4. Approach the situation with genuine curiosity; don't ameliorate impact with intent

THE MOST COMMON RESPONSE that an affected person will receive after someone points out an insensitive comment is a rationalization. The email invariably sounds like the following: "I'm sorry that I offended you, but when I made the comment I was actually talking about BLAH BLAH BLAH." When people get this response, we recognize it as a clever way to take the blame off the "offender" and place it on the "offended." This reply is a natural defense mechanism, but it unwittingly places the blame on the affected person by having it be their fault for misinterpreting your "true" intent.

Instead, apologize and save the defense for later. If you have an honest curiosity to improve, ask the other person to help you understand the impact that your comment had. Often times, you'll learn something very helpful and interesting! However, this process is also very exposing to the affected person. It's not their job to explain or fix this situation, but many people will be willing to help. After you have understood the affect your comment had, you can use the conversation to explain the original intent, but make sure not to invalidate what you were just told. Affirm the feelings that the other person has or had.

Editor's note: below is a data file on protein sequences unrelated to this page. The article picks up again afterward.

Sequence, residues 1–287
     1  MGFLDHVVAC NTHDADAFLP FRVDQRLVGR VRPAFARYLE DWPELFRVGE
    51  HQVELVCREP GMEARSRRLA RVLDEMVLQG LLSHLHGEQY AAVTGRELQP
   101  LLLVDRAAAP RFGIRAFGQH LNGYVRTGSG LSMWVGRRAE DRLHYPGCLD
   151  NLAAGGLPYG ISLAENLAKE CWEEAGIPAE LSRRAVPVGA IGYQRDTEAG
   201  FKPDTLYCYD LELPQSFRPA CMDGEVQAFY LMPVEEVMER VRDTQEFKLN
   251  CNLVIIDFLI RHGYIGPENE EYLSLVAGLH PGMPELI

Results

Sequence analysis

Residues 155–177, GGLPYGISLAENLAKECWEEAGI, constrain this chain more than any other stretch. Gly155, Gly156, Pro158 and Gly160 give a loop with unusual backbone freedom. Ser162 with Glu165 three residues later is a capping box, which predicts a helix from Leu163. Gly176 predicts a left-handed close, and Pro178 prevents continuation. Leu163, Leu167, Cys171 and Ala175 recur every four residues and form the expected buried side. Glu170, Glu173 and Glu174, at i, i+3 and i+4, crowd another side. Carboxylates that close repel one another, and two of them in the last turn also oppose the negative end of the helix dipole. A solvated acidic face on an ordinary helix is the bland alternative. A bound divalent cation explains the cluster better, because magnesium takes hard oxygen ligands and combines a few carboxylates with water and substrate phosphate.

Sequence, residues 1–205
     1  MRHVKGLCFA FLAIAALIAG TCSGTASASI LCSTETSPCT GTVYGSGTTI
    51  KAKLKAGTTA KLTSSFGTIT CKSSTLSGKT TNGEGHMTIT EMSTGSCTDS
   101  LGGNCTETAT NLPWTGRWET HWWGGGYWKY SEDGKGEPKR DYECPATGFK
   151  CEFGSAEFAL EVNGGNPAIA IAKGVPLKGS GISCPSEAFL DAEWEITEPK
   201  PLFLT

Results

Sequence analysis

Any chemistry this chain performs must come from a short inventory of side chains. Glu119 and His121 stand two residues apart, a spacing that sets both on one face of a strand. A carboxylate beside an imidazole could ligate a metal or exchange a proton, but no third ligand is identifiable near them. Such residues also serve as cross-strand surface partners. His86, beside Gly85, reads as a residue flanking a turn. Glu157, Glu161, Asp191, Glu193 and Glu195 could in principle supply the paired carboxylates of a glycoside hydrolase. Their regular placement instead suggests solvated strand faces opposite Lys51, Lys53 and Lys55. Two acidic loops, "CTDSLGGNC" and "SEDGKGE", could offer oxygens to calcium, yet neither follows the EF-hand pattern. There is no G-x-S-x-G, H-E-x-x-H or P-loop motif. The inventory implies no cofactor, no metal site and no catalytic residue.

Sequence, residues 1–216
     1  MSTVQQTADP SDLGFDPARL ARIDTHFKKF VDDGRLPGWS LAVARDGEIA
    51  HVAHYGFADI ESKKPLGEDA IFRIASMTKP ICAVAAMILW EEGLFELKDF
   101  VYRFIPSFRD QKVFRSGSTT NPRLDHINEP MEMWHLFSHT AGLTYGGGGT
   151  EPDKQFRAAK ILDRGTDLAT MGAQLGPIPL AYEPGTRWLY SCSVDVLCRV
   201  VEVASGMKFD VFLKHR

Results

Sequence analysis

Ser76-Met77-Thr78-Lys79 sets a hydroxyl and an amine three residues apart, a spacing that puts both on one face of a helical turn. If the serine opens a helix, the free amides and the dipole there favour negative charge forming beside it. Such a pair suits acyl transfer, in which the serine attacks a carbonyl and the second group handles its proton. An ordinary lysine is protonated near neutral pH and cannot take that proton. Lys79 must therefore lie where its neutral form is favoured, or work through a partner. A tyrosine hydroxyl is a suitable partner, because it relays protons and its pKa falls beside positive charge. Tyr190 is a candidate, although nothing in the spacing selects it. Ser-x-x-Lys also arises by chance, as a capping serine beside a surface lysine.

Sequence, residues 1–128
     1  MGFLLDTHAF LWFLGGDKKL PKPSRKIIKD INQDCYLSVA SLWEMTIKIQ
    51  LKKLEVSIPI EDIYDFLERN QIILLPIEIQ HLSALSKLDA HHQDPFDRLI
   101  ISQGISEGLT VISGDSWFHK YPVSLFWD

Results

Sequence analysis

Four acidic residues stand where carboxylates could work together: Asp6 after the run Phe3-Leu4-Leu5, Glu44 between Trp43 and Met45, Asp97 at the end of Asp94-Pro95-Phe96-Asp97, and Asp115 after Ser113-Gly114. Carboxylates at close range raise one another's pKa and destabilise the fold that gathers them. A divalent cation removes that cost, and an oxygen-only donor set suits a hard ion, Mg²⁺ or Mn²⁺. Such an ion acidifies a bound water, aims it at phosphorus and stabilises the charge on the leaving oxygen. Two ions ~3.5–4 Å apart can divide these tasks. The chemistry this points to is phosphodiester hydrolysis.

The term for the incorrect response is often called "Intent before Impact." Trying to rationalize a response right away simply belittles the impact of the event, which can sometimes be quite large without your knowledge.

5. Whatever you do, don't do nothing

Inaction is the worst response to this situation. If needed, get an experienced and trusted mediator. However, not acting to remedy the situation only reaffirms that exclusion is acceptable. Later on, someone else will see the same behavior or the community will gain a reputation for being a hostile environment.

Underrepresented people share and compare stories! Personally, I am invested in making sure other people don't have the same bad experiences that I have had. Think about a bad experience that you have had at a place of business or a community of your own. You talk with your friends and if they have had similar experiences, you start warning your friends. After a while, inaction can build resentment. If you have no or few underrepresented people, chances are that multiple people have found the environment hostile at one point or another.


As someone trained in leadership and organizational development, I recognize that "diversity as inclusion" is an essential part of a healthy and innovative group. By keeping your organization open and utilizing/appreciating what diversity you have, it becomes easier to grow more diversity into your group instead of "tokenizing" individuals.

Good luck. It's worth it.

Labels: , , , , , , , , ,